Dennis Rodman Pocketed $80,000 When He Tried His Hand at Being a Professional Basketball Head Coach

Chicago Bulls legend Dennis Rodman has remained a popular and busy man in retirement.

Unlike some of his former Bulls teammates, Rodman didn’t exactly stick around the NBA. Michael Jordan owns the Charlotte Hornets, and Steve Kerr, the sharp-shooting guard, has won three championships as the Golden State Warriors’ head coach.

Several years before Kerr took over on the sidelines, Rodman actually tried his hand at coaching — and it went better than you might think.

Dennis Rodman briefly served as a head coach in 2010

Chicago Bulls legend Dennis Rodman in 2010.
Chicago Bulls legend Dennis Rodman briefly served as a head coach in 2010. | Troy Rizzo/FilmMagic via Getty Images

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As of publication, Dennis Rodman has never worked on an NBA coaching staff, and it seems unlikely that will change anytime soon.

However, Rodman did once serve as a professional basketball team’s head coach. In February 2010, Rodman took the coaching reins of the Elmira Bulldogs, a winter league team based in New York.

According to the Corning Leader (New York), Rodman said he hoped to use the lessons he’d received from Chuck Daly and Phil Jackson, his former head coaches, and share them with the Bulldogs.

“One thing these guys need to know is it’s up to you to make it. It’s up to you to go out on that court and do your job. It ain’t about other people; it’s about you doing one thing – go make money, have a good time, and support your family.”

Dennis Rodman

Considering that the Bulldogs won both games that Rodman coached, maybe those lessons paid off. Rodman earned $40,000 for each game on the sidelines for an even $80,000.

That was it for Rodman as a coach, though. He retired with an undefeated record, and the Bulldogs ceased operations later that year.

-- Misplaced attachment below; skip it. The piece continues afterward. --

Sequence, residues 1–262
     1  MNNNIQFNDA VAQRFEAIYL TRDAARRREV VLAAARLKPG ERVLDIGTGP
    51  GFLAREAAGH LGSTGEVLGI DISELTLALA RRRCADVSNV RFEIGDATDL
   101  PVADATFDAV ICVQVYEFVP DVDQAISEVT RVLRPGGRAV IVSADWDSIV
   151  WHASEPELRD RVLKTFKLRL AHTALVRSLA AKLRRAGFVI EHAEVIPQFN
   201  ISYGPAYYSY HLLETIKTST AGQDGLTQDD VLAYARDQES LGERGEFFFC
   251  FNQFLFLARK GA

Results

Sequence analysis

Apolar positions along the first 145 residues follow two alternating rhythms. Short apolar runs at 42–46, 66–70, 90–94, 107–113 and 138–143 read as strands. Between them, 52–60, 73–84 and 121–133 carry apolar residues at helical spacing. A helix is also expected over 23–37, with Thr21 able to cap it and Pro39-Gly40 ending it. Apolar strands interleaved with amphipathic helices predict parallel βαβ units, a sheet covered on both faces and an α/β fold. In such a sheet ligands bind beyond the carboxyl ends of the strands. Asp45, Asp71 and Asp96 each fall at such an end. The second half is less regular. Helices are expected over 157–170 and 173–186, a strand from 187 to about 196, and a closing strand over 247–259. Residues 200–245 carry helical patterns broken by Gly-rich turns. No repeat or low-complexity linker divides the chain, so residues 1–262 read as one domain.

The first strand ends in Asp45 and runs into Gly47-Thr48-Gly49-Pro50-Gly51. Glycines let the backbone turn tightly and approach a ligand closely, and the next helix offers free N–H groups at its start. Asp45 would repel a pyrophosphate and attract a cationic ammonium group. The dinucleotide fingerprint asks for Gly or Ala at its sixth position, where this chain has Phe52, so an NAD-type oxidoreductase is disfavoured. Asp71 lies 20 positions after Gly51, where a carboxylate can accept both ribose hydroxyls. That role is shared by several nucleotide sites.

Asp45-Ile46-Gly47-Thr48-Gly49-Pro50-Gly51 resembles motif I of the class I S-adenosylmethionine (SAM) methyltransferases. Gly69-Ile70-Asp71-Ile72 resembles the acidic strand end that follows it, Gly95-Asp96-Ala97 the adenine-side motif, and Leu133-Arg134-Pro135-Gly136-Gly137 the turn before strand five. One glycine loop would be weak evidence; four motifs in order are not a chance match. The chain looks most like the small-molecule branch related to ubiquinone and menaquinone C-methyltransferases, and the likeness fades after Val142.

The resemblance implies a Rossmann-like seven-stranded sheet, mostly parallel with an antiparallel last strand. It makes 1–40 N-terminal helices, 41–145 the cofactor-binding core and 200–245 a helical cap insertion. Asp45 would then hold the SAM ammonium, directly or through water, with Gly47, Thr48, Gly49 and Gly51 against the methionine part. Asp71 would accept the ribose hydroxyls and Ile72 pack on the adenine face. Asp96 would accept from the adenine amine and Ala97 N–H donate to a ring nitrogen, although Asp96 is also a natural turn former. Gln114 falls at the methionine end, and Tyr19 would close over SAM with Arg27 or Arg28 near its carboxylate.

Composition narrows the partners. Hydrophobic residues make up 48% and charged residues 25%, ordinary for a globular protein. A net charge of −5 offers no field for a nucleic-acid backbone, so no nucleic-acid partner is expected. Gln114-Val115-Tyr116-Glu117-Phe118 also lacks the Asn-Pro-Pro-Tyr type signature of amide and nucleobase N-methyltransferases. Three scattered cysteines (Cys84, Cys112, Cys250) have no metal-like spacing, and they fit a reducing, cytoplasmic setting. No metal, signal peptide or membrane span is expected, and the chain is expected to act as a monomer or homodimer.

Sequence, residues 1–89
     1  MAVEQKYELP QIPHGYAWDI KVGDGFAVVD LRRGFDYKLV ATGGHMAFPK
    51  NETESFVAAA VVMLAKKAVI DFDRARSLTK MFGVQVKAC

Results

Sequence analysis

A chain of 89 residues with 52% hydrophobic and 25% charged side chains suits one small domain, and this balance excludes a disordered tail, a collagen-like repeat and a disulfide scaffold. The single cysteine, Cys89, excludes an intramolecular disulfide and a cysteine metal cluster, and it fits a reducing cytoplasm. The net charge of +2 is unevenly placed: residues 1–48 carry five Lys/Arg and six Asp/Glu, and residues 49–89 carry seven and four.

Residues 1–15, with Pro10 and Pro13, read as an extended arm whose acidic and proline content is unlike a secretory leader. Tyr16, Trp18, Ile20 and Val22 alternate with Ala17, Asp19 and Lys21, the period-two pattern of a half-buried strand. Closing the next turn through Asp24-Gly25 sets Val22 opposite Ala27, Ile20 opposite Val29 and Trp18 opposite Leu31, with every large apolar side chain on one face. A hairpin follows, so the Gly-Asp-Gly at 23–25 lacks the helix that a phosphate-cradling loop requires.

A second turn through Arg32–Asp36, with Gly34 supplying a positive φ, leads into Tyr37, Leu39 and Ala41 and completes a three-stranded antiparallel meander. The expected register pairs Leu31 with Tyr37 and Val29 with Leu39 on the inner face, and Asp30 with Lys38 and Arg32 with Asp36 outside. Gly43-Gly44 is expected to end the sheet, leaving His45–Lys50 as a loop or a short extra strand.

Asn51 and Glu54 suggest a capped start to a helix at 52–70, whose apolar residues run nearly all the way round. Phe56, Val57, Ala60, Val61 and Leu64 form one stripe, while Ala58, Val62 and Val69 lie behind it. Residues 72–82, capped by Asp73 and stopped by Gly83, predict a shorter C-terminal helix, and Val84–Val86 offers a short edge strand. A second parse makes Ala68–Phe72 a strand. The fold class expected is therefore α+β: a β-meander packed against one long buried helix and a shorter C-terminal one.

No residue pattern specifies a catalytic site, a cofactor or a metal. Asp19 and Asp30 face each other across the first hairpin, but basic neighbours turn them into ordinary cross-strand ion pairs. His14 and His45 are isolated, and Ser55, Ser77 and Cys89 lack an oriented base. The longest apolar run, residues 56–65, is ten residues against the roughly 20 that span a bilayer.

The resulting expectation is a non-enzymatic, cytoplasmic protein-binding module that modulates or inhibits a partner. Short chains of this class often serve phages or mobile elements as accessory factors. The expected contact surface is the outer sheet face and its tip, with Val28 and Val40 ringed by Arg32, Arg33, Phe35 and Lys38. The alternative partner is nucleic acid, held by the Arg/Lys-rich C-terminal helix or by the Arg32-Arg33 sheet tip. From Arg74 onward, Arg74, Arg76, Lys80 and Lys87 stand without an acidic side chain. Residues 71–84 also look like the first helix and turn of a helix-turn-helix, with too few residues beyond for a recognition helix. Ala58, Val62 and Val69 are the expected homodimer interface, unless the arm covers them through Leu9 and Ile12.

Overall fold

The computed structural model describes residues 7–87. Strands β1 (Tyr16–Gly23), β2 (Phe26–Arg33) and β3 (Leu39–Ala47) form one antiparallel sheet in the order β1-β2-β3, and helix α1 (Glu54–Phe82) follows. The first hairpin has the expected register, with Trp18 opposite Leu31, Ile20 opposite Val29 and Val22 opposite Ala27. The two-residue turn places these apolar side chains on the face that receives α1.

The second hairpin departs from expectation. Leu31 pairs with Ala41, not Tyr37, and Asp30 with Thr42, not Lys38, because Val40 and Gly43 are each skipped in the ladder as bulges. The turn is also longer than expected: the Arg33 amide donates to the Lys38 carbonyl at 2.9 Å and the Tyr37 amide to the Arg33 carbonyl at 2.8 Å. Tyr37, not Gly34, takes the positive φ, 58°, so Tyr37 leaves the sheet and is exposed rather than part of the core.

Rodman later wanted to coach the Knicks

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If Dennis Rodman could win games with a winter league team in New York, he could certainly do the same with the Knicks, right?

That sounds harsh, but Rodman did publicly lobby for the Knicks’ head coaching job in 2016. Phil Jackson, who coached Rodman on the Bulls, had just fired Derek Fisher — another of Jackson’s former players — after two disappointing seasons.

Instead of hiring Rodman, the Knicks eventually went with former Phoenix Suns head coach Jeff Hornacek. Unfortunately for Knicks fans, Hornaceck only lasted two seasons and never made the postseason.

Would things have been different with Rodman coaching in a bright-colored suit and sunglasses? We’ll leave that one to the imagination.

Dennis Rodman found other ways to stay around basketball

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Even if he isn’t coaching or owning a team, Dennis Rodman has tried remaining close to the overall game of basketball in retirement.

Rodman has participated in many charity games and exhibitions over the years. He even reunited with his father, Philander, after a 2012 game in the Philipines. Rodman hadn’t seen his father in over 42 years at the time.

Of course, Rodman has also played basketball in North Korea with Kim Jong-un, which still remains a sentence that basketball fans of the 1990s likely would never have imagined they’d read.

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